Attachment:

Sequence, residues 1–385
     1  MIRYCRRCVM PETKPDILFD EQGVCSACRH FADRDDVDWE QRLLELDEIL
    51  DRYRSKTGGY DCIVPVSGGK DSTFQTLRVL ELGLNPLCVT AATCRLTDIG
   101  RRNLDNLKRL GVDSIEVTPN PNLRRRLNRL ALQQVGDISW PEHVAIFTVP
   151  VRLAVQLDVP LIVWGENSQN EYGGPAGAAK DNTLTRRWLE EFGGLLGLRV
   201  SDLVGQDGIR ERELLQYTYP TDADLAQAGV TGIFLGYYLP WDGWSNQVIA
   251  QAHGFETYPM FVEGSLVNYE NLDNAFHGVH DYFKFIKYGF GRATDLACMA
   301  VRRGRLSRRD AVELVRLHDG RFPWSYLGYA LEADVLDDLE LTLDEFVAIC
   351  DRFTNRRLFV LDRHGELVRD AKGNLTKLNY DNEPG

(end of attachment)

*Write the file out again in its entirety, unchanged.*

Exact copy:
Sequence, residues 1–385
     1  MIRYCRRCVM PETKPDILFD EQGVCSACRH FADRDDVDWE QRLLELDEIL
    51  DRYRSKTGGY DCIVPVSGGK DSTFQTLRVL ELGLNPLCVT AATCRLTDIG
   101  RRNLDNLKRL GVDSIEVTPN PNLRRRLNRL ALQQVGDISW PEHVAIFTVP
   151  VRLAVQLDVP LIVWGENSQN EYGGPAGAAK DNTLTRRWLE EFGGLLGLRV
   201  SDLVGQDGIR ERELLQYTYP TDADLAQAGV TGIFLGYYLP WDGWSNQVIA
   251  QAHGFETYPM FVEGSLVNYE NLDNAFHGVH DYFKFIKYGF GRATDLACMA
   301  VRRGRLSRRD AVELVRLHDG RFPWSYLGYA LEADVLDDLE LTLDEFVAIC
   351  DRFTNRRLFV LDRHGELVRD AKGNLTKLNY DNEPG